New secondary school in Shoreham not the best use of funds
It was good to swap the Brexit brinkmanship at Westminster for the very real concerns affecting many constituents on a day-to-day basis with a meeting of the County Local Committee at the Shoreham Centre on Thursday dealing with local school places.
After more than 280 hours of debate in Parliament the EU Withdrawal Bill that makes our exit from the EU a reality passed into law last week as the Lords conceded to the will of the elected House.
That is an important hurdle but there is still much more to come with legislation on trade and other areas of the detail of Brexit as the negotiations continue. So lots more debating, voting and Parliamentary high jinks still ahead.
Meanwhile, there was a good turnout of parents from Adur to hear from local councillors and county council education officers about the allocation of secondary school places from 2019.
Despite securing an additional £28million from Government for West Sussex schools there remain serious problems with the level of funding and we have much more work to do to secure genuinely fair funding. However, there are also concerns about the sufficiency of secondary school places as Shoreham Academy has become a victim of its own success as an ‘outstanding’ school.
Last year many pupils from Swiss Gardens Primary in particular found themselves on the waiting list for their nearest secondary school and while this year supply and demand just about balanced out, this will be a growing problem in the future particularly with the arrival of new families moving into the many new developments planned.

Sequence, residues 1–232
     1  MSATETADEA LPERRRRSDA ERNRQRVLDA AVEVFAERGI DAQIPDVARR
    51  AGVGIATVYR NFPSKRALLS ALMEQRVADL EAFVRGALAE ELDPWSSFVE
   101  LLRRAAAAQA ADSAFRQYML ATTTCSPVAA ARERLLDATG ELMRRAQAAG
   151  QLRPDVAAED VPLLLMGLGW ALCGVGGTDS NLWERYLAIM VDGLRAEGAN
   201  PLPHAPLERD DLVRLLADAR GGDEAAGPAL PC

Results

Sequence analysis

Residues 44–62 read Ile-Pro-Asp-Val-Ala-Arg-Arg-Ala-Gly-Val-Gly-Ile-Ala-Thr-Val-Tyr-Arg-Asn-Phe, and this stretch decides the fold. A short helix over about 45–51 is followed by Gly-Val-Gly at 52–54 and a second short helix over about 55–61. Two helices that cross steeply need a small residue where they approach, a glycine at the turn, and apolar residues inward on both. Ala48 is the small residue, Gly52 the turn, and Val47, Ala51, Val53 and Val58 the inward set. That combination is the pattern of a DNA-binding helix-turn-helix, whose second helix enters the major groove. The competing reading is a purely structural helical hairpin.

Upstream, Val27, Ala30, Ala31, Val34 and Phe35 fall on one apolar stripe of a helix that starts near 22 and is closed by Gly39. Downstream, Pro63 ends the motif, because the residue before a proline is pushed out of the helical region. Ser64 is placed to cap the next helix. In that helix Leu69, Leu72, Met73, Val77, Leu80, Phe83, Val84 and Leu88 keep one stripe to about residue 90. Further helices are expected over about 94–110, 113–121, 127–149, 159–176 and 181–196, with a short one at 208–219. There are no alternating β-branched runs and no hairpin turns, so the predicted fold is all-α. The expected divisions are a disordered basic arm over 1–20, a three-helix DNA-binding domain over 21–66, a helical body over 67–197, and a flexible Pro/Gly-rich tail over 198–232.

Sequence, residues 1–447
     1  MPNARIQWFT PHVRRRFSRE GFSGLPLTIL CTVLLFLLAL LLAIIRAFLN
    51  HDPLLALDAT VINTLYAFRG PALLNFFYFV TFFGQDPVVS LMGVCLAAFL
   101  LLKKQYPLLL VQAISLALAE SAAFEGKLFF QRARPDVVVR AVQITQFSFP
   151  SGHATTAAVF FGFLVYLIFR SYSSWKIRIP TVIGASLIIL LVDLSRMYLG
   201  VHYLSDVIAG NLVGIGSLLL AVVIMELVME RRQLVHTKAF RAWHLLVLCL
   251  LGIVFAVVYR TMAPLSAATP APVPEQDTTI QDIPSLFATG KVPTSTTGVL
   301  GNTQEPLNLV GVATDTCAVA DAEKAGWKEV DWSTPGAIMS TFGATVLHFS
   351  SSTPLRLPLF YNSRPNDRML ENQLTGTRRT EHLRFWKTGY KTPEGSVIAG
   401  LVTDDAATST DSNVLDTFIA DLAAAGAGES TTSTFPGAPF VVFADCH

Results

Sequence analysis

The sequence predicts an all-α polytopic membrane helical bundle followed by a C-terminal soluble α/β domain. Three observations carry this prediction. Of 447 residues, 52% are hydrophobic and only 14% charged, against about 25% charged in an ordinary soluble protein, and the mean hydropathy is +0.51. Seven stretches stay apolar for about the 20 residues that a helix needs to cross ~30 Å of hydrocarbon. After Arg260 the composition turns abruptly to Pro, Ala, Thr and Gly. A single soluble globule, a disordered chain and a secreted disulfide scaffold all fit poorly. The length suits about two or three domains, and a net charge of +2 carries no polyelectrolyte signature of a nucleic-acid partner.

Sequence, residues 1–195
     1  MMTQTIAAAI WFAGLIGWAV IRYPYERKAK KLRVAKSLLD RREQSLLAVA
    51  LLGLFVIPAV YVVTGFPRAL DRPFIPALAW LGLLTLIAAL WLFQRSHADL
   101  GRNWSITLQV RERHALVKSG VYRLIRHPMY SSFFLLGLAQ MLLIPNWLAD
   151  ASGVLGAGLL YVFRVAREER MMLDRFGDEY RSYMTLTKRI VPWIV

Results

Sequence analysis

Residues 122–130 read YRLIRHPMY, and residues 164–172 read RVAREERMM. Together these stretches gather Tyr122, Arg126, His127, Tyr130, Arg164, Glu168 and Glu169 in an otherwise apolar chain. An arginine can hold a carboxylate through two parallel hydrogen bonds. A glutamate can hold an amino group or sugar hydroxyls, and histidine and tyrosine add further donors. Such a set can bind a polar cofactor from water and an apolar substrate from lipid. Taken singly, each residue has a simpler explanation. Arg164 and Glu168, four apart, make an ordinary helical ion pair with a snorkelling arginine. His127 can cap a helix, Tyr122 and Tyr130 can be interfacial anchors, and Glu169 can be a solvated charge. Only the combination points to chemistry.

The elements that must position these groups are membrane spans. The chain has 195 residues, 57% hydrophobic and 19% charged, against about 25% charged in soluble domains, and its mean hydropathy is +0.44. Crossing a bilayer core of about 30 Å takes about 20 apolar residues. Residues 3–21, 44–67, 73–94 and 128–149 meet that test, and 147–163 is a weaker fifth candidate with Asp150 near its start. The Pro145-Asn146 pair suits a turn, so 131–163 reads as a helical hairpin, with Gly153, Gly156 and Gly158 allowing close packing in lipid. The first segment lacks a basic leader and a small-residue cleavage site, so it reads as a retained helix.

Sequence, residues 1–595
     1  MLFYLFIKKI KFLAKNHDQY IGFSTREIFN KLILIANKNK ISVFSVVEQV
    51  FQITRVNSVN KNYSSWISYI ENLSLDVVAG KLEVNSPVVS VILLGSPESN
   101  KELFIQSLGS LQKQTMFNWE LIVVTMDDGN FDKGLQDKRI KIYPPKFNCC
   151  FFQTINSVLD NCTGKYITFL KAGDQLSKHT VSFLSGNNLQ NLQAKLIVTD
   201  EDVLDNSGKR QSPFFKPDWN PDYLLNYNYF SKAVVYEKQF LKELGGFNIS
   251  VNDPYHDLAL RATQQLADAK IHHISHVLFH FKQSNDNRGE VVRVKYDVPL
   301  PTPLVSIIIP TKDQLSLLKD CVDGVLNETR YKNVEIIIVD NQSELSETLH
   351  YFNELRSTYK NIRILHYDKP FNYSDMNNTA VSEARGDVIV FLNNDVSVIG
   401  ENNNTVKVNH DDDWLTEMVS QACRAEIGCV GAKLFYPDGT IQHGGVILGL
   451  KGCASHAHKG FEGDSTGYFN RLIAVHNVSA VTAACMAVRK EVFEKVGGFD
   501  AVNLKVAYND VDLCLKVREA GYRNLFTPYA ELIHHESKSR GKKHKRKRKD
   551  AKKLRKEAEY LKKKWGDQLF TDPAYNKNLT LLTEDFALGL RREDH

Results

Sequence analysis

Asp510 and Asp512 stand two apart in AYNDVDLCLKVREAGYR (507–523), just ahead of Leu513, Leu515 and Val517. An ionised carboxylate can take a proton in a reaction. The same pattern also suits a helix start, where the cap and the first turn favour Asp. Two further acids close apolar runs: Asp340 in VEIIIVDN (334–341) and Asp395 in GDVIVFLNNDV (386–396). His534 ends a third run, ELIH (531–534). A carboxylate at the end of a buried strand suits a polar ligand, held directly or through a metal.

While the obvious solution may seem to just build a new secondary school in Shoreham, that doesn’t help other schools in Adur and beyond which are likely to have surplus capacity for several years to come.
In particular, the Sir Robert Woodard Academy has more than 400 surplus places and only marginally missed out on a ‘good’ rating from Ofsted due to the new inspection process. The cost of carrying a spare secondary place works out at around £5,000 each so this is not the best way of using precious school funds.
It was useful therefore for parents to hear about the wider options available for their children graduating to secondary school next year where historically they have travelled beyond Adur to Steyning Grammar, Davison’s and St Andrew’s for example.
It was interesting that many of the questions were to do with safe routes to school, not least from Shoreham to Sompting, clearly more work needs to be done to improve practical travel options.
Given the level of inward immigration to Shoreham, I have no doubt that an additional secondary school will be needed at some stage but it is important that it is done in a planned and balanced way that benefits the whole pupil community and family of schools locally.
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